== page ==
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The highest/ tallest mountain

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12699.  Sun Jan 02, 2005 3:03 pm Reply with quote

If you are asked, " What is the tallest mountain called?" I bet many of you ould say, "Mount Everest."

But it isn't...

The tallest mountain is, in actual fact, Mauna Loa.

The reason Everest is so commonly known, is that mountains are measured from the ground up, but if they were measured from where they start, Mauna Loa would be the highest. It starts below the sea, and rises 4,710m above sea level, but thousands of metres below. It makes up almost half of the area of Hawaii.

I just thought I'd make an impressive start!!


Last edited by Natalie on Sun Jan 09, 2005 8:36 am; edited 1 time in total

12701.  Sun Jan 02, 2005 6:33 pm Reply with quote

Welcome to you Natalie, and, yes, we like this kind of stuff. We used this question in the (unbroadcast) pilot show and also in the online quiz on the BBCi Comedy site during the current run. This is an extract from the answer we gave:
Of course, Mount Everest is the highest mountain in the world, measured by the standard means of elevation above sea level - 8848m. But, measured from foot to summit, both Mount Kilimanjaro in Tanzania (5895m above sea level) and Mauna Kea in Hawaii (4205m) are taller. If Mauna Kea is measured from its base on the sea floor instead of from sea level it is 1,360m taller. Kilimanjaro is taller than Everest on two different counts. Firstly, it rises straight out of the African plain, whereas Everest is merely one of many peaks topping the enormous base of the Himalayan range, and secondly, being on the Equator, it is substantially further from the centre of the earth (which opens a whole other can of worms - not only all the mountains in Ecuador, but all the beaches as well, are farther from the centre of the earth than Everest is).

About half of you spotted Mauna Kea and its twin peak Mauna Loa. Mount Chimborazo in Ecuador was nominated by (names). Kilimanjaro had support from (other names) and Kerry Weisselberg, who also submitted Quite an Interesting snippet: according to Kerry, Sir George Everest feared that people would take his measurement of the height of his eponymous mountain as a rough estimate, so he added two feet to the round number he had come up with so that it would be apparent that it was intended to be precise.

Incidentally, Sir George pronounced his name "Eeverest", not "Ever-rest", ...

But here's a question for you: how did those old-time mountaineers know how far above sea level they were?

12703.  Sun Jan 02, 2005 7:28 pm Reply with quote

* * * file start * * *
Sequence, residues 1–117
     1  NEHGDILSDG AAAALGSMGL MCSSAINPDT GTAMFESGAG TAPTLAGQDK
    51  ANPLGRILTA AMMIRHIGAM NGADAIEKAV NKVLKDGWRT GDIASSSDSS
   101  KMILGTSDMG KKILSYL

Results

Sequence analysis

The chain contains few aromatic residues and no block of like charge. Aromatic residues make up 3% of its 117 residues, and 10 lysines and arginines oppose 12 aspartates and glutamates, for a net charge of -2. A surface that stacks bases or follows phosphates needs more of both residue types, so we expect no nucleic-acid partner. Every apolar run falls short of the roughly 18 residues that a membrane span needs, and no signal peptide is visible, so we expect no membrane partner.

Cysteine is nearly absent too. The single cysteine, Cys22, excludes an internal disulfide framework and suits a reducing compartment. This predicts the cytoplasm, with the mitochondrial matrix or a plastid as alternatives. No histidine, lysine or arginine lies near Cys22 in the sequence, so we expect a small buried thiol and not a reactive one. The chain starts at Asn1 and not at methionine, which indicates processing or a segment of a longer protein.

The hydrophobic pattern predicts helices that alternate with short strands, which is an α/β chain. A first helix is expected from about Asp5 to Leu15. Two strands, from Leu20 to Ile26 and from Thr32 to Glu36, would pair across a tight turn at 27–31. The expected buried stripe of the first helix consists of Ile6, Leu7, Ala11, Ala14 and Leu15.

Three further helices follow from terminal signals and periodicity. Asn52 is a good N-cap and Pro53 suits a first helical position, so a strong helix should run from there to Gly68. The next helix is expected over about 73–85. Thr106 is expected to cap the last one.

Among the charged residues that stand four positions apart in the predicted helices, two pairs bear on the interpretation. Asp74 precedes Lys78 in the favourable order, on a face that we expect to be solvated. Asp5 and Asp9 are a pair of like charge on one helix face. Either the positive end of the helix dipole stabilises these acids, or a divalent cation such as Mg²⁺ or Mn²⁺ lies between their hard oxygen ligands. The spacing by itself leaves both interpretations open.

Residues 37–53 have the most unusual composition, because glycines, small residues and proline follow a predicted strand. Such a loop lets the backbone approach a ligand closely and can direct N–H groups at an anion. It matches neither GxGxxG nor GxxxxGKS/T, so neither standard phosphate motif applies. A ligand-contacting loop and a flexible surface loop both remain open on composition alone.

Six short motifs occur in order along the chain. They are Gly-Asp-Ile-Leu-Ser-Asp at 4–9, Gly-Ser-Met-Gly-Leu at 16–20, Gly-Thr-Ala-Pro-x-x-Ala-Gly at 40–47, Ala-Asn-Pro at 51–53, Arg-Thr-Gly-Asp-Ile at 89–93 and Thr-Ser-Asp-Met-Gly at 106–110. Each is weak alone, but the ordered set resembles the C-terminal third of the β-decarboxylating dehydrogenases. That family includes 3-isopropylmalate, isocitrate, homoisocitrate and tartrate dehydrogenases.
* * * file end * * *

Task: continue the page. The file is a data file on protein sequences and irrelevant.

And has anyone ever climbed down Mauna Kea to the very bottom?

That should be a new past-time, Climbing mountains backwards, or, rather, downwards. (Though doing it both downwards and backwards would be bloody impressive.) I understand this is impossible, but I shall still send the idea to Jules Vernes' people. He could use it, he's obviously run dry on ideas, he hasn't released anything in years. Round the world, centre of the earth, all good stuff, but since then...nothing.

12704.  Sun Jan 02, 2005 7:34 pm Reply with quote

a new past-time, Climbing mountains backwards, or, rather, downwards

Good idea. You could slide right down a mountain with planks tied to your feet. I bet people would pay to do that. We could call it shi-ing, or sky-ing, or ... I dunno, something like that. I bet it'd be huge.

12705.  Sun Jan 02, 2005 7:40 pm Reply with quote

By jove people
You have just invented a new extreme sport.
How about scuba ski ing for the underwater mountain

12706.  Mon Jan 03, 2005 1:46 am Reply with quote

Flash wrote:
t. We could call it shi-ing, or sky-ing, or ... I dunno, something like that. I bet it'd be huge.

or maybe luge?

12707.  Mon Jan 03, 2005 5:59 am Reply with quote

I say we sell novelty hats.

12708.  Mon Jan 03, 2005 8:42 am Reply with quote

And everyone that comes up with an idea on this subject should get a share of the profits!

How about calling it the QI - Quite Inverted summit?

12709.  Mon Jan 03, 2005 8:44 am Reply with quote

Actually brackett, its the going down the mountain which is hardest to train for (in a physiological sense).

12712.  Mon Jan 03, 2005 8:49 am Reply with quote

People could get helicoptered to the top, and then do death-defying stunts to get down it. At least they can't be told to "Aim higher!!"

12714.  Mon Jan 03, 2005 8:54 am Reply with quote

Natalie...ah..within limits. This is what they do for Mt Kenya, and it has very high rates of cerebral and pulmonary edemas...because you've not had time to adjust to the altitude. In a sense, just taking the helicopter up is death defying enough.

12715.  Mon Jan 03, 2005 8:55 am Reply with quote

Well, there you go then - Science ought to get a move on and invent a safe way of doing it!

12716.  Mon Jan 03, 2005 8:55 am Reply with quote

But it wouldn't be the first extreme sport invented in Oxford, come to think of it.

12717.  Mon Jan 03, 2005 8:58 am Reply with quote

Why Oxford? It probably would be in Derby.

12718.  Mon Jan 03, 2005 9:00 am Reply with quote

I was referring to bungee jumping, devised by the courageous at the Oxford Extreme Sports Club, or something like that.

I mentioned to brackett in the shop the other day that they had been in the news because the club, and its senior officers, had been acquitted in a case of a catapault slinging gone disastrous.


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